Important information: The value of investments and the income from them, can go down as well as up, so you may get back less than you invest.

IS the stock market correction running out of steam? Last Friday’s rally in share prices provided welcome relief at the end of a sixth consecutive week of market declines. There’s still plenty to worry about, but contrarians’ antennae are starting to twitch.

The rollercoaster continues

Another wild ride for shares last week saw a dramatic recovery on Friday but it wasn’t enough to prevent the S&P 500 coming within a whisker of the traditional definition of a bear market - a 20% decline. The run of weekly declines is now the worst since the financial crisis in 2008.

The reset has so far largely been about falling valuations. US shares now trade on around 16.5 times expected earnings. That compares with nearly 23 a year ago. Other markets, such as the UK’s, are even cheaper, barely into double digits as a multiple of profits.

So, has the correction run its course? That depends to a large extent on whether earnings can keep rising. Europe has led the way in the latest first quarter reporting season, with a 40% rise fuelled in large part by much better-than-expected energy profits. In the US, earnings are still expected to rise by about 11% this year.

What’s getting investors interested?

As well as falling valuations and still rising earnings, a few other contrarian measures are flashing green this week. Sentiment, as measured by the ratio of investors calling themselves bullish or bearish, has not been this weak since the financial crisis. Fund flows into funds and ETFs are also negative after two years of inflows. And investors are no longer borrowing to invest as they did in 2020. All of these suggest that things may have got so bad they are starting to look good.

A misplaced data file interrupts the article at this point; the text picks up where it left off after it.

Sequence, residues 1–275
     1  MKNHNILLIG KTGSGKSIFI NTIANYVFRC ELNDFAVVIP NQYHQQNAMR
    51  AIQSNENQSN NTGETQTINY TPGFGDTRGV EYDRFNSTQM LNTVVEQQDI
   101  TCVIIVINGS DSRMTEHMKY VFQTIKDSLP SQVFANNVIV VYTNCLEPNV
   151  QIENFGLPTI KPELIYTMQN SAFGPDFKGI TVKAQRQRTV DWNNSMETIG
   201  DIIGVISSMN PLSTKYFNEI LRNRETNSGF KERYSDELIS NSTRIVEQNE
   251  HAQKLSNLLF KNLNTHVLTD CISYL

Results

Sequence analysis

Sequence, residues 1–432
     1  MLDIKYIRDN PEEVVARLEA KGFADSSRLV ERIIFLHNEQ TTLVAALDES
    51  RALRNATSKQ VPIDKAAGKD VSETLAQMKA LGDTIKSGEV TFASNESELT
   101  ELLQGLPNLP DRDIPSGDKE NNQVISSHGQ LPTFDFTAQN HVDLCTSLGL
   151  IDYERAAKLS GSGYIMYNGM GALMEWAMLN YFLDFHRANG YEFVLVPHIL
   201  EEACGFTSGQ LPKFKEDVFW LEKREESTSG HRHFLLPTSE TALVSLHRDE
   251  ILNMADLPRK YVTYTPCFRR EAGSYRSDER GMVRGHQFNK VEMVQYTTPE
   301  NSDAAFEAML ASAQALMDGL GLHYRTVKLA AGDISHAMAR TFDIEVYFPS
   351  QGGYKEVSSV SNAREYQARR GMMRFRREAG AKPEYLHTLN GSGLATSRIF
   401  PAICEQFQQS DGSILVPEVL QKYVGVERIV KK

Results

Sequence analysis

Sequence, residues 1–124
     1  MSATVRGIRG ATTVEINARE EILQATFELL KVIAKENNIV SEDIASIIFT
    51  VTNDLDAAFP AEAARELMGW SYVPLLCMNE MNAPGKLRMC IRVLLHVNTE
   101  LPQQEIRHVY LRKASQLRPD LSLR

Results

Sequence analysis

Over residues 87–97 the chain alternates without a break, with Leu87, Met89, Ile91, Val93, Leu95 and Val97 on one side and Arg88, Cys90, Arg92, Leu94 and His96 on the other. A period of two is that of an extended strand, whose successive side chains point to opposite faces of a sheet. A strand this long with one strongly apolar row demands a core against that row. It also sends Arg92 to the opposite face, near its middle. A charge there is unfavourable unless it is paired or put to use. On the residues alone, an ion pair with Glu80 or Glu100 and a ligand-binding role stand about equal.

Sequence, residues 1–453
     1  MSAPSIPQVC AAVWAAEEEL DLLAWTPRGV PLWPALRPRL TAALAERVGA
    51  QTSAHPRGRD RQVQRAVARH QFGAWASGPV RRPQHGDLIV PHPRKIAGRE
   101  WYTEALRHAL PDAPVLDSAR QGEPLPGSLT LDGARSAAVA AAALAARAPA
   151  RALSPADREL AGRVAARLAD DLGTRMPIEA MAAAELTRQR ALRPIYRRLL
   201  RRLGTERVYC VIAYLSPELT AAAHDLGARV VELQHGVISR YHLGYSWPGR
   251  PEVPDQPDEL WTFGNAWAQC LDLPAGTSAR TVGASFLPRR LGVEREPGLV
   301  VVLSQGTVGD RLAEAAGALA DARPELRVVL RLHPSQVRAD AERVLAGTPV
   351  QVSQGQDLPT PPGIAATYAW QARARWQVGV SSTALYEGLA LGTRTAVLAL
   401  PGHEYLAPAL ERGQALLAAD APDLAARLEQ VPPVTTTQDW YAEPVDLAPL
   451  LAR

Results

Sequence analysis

The wall of worry

For that to be the case, however, investors will need to navigate a continuing torrent of worrying economic news. This week started with an 11% fall in Chinese retail sales, bad news for a country looking to shift away from a reliance on exports. And here in the UK, the big focus will be on inflation, with a new cyclical high of 9% pencilled in as rising energy costs start to kick in.

What about other assets?

It’s not just about shares. Sentiment among bond investors has also taken a turn for the worse in the past week or so. In particular, corporate bonds have started to reflect investor concerns. The gap between the yield on safe government bonds and those issued by riskier companies has widened sharply.

Meanwhile, crypto currencies such as bitcoin have taken another beating. The price of bitcoin fell as low as $25,000 last week before bouncing back to end the week at $30,000. That’s still less than half the recent high, showing that early hopes that bitcoin might be a useful hedge against inflation were wide of the mark. Crypto looks more like just another highly speculative and volatile asset class.

Important information: Investors should note that the views expressed may no longer be current and may have already been acted upon. Please be aware that past performance is not a reliable guide indicator of future returns. Overseas investments will be affected by movements in currency exchange rates. Investments in emerging markets can be more volatile than other more developed markets. There is a risk that the issuers of bonds may not be able to repay the money they have borrowed or make interest payments. When interest rates rise, bonds may fall in value. Rising interest rates may cause the value of your investment to fall. This information is not a personal recommendation for any particular investment. If you are unsure about the suitability of an investment you should speak to one of Fidelity’s advisers or an authorised financial adviser of your choice.

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